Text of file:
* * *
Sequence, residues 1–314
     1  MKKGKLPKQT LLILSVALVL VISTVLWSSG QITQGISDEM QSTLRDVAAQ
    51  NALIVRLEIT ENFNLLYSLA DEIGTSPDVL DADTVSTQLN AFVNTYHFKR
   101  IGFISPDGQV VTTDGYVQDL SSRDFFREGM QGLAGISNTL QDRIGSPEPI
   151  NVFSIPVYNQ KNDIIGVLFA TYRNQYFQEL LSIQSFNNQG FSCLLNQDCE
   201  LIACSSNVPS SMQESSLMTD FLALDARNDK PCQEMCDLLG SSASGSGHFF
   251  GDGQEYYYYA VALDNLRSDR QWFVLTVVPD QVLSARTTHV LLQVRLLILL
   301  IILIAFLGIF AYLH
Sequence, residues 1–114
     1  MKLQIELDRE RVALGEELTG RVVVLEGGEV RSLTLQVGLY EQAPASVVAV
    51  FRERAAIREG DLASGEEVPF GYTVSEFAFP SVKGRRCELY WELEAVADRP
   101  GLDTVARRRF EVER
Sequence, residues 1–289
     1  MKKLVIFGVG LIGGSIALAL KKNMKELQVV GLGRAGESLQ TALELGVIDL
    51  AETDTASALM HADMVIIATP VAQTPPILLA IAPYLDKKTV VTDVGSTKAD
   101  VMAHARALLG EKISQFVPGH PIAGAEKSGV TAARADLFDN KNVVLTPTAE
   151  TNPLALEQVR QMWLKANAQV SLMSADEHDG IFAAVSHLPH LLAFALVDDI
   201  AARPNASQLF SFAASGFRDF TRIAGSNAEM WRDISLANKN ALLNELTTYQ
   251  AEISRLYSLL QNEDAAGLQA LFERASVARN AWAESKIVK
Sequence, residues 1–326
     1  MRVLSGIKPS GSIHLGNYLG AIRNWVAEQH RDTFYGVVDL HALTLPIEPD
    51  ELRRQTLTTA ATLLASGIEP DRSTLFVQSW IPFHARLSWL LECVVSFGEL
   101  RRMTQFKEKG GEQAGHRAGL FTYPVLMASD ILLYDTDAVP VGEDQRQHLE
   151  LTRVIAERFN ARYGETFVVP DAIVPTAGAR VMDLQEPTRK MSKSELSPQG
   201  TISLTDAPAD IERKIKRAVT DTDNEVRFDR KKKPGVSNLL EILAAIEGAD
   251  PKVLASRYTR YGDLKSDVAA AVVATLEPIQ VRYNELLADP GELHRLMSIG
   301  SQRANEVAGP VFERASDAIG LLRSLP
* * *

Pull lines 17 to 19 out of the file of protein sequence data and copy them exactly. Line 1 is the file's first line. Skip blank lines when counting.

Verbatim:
   151  TNPLALEQVR QMWLKANAQV SLMSADEHDG IFAAVSHLPH LLAFALVDDI
   201  AARPNASQLF SFAASGFRDF TRIAGSNAEM WRDISLANKN ALLNELTTYQ
   251  AEISRLYSLL QNEDAAGLQA LFERASVARN AWAESKIVK